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Middle East

With ISIS largely pushed back, threats still remain for journalists

By Rudaw 22/12/2017
A demonstrator holds a sign in favor of press freedom. File photo: AFP
A demonstrator holds a sign in favor of press freedom. File photo: AFP
ERBIL, Kurdistan Region – A press freedom and protection organization says “threats against journalists will worsen” even though ISIS has largely been ousted from in Iraq and Syria.

The Committee to Protect Journalists (CPJ) predicted released on Thursday after a mission to Erbil and Lebanon in March that a post-ISIS Middle East would come with the “emergence of militias, political pressure, censorship, and sectarianism that would pose a threat” to journalists in a new report.

"I don't think the end of [Islamic State's] presence in Syria will bring any opportunities for Syrian journalists, says Abdalaziz al-Hamza, co-founder of Raqqa is Being Slaughtered Silently (RBSS), a citizen journalist group that covered atrocities under ISIS rule. “Threats against journalists will worsen.”

Co-founder, Ragaz Kamal of 17Shubat for Human Rights, a local Kurdish rights organization told CPJ that journalists in Iraq face threats threefold from “armed groups that have gained political cover, like the PMF, political parties and authorities because of their job.”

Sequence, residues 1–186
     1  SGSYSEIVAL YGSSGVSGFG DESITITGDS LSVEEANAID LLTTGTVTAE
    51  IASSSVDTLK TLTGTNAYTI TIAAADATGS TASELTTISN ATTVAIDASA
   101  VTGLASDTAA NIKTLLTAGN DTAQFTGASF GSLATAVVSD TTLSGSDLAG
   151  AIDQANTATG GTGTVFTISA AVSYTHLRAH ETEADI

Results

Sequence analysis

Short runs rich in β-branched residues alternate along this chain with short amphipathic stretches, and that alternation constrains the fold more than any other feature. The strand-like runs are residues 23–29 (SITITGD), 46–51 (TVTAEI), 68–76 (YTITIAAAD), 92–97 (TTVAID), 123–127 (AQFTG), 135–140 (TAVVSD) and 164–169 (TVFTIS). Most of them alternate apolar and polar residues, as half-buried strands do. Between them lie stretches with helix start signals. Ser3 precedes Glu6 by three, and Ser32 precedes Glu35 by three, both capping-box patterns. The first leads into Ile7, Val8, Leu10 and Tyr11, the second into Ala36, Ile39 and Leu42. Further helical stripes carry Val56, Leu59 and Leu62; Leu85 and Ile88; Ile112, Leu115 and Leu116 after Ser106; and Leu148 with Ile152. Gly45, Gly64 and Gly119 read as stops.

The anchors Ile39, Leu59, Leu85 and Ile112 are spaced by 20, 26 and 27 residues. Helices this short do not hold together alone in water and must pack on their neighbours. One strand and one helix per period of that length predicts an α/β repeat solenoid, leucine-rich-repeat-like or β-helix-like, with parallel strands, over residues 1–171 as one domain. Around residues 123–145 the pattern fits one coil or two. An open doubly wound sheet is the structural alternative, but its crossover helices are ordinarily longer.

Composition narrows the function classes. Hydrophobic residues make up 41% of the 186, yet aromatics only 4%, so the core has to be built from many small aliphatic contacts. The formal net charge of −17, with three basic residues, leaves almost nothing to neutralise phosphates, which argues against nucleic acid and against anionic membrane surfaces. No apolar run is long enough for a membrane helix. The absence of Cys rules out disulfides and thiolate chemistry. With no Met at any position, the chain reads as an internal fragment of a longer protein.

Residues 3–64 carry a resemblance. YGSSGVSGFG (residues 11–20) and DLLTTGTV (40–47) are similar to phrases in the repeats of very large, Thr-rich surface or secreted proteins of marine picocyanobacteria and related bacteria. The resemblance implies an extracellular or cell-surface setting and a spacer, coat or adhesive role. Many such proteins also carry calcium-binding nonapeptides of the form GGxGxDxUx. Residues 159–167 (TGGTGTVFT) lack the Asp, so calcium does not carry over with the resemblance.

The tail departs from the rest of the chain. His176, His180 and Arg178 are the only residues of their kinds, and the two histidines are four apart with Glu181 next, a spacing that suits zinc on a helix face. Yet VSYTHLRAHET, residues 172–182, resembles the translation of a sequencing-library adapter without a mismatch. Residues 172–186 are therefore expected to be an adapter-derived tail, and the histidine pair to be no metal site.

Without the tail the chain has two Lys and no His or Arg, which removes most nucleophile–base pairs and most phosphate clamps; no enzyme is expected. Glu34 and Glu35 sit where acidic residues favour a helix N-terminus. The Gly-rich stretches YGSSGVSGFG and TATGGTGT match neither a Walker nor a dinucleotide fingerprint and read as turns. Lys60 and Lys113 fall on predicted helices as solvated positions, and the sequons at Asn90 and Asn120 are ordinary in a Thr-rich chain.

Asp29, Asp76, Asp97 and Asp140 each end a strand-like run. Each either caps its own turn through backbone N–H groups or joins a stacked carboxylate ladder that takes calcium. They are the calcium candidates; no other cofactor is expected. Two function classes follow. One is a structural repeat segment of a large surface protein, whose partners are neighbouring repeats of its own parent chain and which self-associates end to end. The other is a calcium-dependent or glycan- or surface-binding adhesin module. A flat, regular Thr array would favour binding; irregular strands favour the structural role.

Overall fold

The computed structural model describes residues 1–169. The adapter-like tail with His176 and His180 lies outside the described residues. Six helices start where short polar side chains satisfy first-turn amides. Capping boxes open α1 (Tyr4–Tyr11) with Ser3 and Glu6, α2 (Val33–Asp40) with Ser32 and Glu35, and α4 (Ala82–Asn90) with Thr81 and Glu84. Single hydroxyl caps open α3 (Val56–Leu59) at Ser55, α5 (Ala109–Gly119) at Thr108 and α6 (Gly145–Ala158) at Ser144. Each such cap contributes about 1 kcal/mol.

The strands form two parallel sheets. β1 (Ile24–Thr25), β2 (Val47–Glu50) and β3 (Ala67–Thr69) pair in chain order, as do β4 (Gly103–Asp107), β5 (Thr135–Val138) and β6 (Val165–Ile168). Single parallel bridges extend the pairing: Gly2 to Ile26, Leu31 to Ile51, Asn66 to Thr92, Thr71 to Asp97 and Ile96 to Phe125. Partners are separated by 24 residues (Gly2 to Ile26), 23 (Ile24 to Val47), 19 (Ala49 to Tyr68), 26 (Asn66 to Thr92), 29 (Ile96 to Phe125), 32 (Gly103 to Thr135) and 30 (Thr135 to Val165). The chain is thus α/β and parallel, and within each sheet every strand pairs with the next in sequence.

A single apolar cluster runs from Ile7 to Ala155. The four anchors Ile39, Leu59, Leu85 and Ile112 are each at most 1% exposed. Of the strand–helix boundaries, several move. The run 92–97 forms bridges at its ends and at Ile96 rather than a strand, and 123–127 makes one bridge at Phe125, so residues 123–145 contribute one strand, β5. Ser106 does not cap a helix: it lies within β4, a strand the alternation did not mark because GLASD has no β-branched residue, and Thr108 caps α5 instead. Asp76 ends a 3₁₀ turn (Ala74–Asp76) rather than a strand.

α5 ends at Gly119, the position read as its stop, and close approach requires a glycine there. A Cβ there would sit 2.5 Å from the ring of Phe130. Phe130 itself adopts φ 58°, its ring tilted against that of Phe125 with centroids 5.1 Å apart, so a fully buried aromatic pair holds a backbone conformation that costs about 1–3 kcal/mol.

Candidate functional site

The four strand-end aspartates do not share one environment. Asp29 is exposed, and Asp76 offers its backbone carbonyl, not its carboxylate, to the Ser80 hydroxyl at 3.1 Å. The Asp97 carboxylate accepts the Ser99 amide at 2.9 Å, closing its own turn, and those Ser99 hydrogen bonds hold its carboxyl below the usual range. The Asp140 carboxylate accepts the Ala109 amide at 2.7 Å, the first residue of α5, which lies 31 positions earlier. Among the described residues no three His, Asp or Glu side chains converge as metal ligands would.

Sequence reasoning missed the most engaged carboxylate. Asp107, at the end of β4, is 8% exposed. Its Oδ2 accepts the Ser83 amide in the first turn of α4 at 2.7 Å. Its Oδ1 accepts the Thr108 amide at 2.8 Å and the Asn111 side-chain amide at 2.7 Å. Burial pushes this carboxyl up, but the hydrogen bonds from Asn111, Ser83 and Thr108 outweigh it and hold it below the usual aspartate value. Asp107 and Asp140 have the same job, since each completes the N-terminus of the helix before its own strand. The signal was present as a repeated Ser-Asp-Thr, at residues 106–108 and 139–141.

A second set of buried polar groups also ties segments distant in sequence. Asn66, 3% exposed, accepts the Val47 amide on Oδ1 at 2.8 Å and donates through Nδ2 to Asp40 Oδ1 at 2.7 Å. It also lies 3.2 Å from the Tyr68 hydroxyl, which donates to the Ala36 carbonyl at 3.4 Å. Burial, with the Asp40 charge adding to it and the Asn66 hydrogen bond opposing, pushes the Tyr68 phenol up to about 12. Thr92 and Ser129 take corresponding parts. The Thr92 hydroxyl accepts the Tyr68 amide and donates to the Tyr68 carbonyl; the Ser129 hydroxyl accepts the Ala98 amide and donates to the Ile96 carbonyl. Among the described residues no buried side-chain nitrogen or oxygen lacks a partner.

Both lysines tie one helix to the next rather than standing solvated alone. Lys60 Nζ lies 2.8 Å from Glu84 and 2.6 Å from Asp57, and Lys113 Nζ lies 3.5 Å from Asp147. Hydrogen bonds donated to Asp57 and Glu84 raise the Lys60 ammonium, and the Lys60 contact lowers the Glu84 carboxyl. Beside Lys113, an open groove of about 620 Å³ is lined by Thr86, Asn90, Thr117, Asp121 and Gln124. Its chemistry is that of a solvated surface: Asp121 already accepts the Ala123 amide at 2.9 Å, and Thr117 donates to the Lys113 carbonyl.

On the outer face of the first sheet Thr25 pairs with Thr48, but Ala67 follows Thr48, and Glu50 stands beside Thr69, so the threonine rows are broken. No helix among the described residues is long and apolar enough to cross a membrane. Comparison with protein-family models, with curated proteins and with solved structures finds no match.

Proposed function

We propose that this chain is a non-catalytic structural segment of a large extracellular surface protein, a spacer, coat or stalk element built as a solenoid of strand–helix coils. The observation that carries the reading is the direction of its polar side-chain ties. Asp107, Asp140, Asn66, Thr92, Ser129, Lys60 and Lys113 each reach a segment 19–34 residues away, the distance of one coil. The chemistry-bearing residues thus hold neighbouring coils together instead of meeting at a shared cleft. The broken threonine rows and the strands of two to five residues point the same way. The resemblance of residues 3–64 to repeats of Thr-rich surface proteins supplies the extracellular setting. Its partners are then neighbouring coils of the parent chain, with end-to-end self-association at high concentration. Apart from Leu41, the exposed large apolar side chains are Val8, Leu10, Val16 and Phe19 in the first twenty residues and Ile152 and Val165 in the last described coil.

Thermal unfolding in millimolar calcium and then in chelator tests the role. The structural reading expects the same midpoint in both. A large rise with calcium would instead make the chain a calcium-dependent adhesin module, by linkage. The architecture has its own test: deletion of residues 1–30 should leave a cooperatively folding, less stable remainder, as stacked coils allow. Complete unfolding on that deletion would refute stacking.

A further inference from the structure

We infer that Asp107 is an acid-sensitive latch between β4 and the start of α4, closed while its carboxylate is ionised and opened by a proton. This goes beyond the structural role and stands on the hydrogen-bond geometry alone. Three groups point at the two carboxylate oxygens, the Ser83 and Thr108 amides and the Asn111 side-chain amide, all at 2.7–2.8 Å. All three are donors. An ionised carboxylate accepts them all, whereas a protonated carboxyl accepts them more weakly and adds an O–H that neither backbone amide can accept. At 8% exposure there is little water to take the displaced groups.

“None of these groups tolerate criticism and they are rarely held accountable for their actions against journalists,| Kamal added. “ The end of [Islamic State] will not change much for journalists in either Iraq or Kurdistan."

Rahman Gharib, coordinator of a Kurdish freedom of press organization highlighted the dangers that such militias pose, mentioning the case of Arkan Sharifi, a Kurdish cameraman working with the Erbil-based Kurdistan TV who was stabbed to death by a number of unidentified gunmen in the town of Daquq south of Kirkuk.

Rudaw's 2016 coverage of the liberation of Mosul has been commended and syndicated by major US news networks including CNN, Fox News, and ENEX, a European TV network.